It’s hard to believe England cannot find a frontline spinner, says Graeme Swann

“I think England coach Peter Moores is keen to get Kerrigan back into the team, but I’d love to see him get a lot more wickets under his belt”

Image courtesy of: ESPNcricinfo

Former England off-spinner Graeme Swann has announced that it is hard to believe the national team cannot find a frontline spinner.

England have been looking for a suitable candidate to replace Swann after he retired midway through the last Ashes series against Australia.

“I can’t believe out of 18 counties, one or two of them haven’t gone for the spinning options,” Swann told the BBC. “They all do the same: medium pace. Why doesn’t someone leave their wickets dry and play two or three spinners? One year we did that at Northants and walked the Second Division because we won every home game by an innings.”

Swann also called on the England and Wales Cricket Board (ECB) to start preparing more spin-friendly pitches during County Championship matches.

“If you had a couple of centres around the country producing turning pitches and committing to developing spinners you would start getting people going there,” he said. “You would get 16-year-olds thinking that going to one of those counties and bowling spin could be a good career choice.

“At the moment, if I went to watch a county game, there would be no incentive to bowl spin, because most of them stand at second slip picking their nose for 95 overs.”

However, Swann admitted that it was tough to become a frontline spinner.

“It is such a lonely position that you have got to grow into it, understand it, to deal with pressure,” he said. “Day one of a Test match, I would wake up without a care in the world, knowing all I had to do was bowl 20 overs for 60 runs. On day four, I would wake up feeling electrified knowing they were expecting me to take six wickets to win the game.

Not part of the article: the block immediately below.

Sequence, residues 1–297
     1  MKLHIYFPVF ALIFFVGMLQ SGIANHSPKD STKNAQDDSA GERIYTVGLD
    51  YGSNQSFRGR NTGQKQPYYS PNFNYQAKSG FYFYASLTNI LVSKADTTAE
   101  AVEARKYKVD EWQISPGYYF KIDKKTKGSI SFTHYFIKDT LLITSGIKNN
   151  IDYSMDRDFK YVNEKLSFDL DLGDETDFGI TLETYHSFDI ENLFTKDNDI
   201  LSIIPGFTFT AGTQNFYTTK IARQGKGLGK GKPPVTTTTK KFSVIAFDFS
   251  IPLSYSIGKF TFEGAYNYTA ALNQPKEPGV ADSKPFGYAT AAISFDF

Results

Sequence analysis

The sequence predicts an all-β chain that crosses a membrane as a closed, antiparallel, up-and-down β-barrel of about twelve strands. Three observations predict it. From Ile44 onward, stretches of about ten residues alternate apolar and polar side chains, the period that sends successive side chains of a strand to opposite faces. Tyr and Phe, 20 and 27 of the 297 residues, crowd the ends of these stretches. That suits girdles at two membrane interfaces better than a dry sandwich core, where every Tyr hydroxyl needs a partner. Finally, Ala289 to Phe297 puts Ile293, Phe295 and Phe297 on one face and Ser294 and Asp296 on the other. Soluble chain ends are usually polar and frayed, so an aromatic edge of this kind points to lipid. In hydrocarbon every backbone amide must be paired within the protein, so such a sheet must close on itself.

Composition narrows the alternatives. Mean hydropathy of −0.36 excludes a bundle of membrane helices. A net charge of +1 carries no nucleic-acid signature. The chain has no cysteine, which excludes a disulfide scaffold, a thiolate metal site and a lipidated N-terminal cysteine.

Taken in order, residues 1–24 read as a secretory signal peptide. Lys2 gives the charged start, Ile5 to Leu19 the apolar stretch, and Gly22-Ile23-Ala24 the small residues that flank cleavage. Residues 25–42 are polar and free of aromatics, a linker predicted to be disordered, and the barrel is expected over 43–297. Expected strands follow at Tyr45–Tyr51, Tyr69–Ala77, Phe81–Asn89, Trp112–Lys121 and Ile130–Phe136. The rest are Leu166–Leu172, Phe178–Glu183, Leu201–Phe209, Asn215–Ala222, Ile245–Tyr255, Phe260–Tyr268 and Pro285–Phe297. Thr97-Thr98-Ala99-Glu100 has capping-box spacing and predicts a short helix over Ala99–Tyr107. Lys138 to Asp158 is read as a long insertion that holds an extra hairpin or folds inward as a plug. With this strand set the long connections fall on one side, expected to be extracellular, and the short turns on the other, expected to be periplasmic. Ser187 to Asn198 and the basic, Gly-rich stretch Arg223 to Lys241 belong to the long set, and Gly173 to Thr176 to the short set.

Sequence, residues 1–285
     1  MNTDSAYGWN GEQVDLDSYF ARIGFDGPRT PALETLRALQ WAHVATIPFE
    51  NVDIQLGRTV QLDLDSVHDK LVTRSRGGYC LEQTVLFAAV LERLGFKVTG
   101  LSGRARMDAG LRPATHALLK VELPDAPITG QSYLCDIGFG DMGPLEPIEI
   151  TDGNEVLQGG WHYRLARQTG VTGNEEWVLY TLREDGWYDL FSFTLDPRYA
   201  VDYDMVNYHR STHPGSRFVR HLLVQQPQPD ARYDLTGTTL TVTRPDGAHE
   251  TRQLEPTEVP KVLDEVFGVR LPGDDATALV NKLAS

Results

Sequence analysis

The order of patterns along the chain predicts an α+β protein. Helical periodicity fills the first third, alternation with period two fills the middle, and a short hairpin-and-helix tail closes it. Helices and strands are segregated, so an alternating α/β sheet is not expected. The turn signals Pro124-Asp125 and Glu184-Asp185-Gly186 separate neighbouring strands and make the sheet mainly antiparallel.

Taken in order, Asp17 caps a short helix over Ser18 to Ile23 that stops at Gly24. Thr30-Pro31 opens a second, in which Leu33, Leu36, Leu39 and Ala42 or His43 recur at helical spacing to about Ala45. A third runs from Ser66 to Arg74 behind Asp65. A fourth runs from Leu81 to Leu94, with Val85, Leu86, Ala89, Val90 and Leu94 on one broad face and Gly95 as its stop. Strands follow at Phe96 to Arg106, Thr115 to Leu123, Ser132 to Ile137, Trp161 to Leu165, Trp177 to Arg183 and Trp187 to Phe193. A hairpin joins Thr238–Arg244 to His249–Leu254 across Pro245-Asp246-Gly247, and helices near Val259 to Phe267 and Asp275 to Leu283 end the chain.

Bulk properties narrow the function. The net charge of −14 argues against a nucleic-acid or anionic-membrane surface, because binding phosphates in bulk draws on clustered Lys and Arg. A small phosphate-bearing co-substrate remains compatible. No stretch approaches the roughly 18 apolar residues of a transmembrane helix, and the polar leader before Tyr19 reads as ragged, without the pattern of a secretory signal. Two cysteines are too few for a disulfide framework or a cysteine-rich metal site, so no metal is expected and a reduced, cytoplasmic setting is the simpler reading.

“Young spinners are not used to that; they are not ready for that pressure of having Nasser Hussain sticking a microphone under their nose first thing in the morning and saying, ‘It’s up to you. Are you going to do it?”

Swann also stated that it is important for captain Alastair Cook to invest some faith in the spinner he chooses.

“You have to win your captain over,” he said. “I was lucky that I won Andrew Strauss over early on by getting wickets in my first game. I am very stroppy when I bowl so I just told them to give me the field I wanted or they could let someone else bowl.”

When asked about England’s decision to call up Lancashire spinner Simon Kerrigan for the second Test against India at Lord’s, Swann said: “I think England coach Peter Moores is keen to get Kerrigan back into the team, but I’d love to see him get a lot more wickets under his belt for his own confidence and state of mind.

“Scott Borthwick is a very, very talented young bowler – he just needs to bowl a lot more overs. He needs to get away from Durham.”

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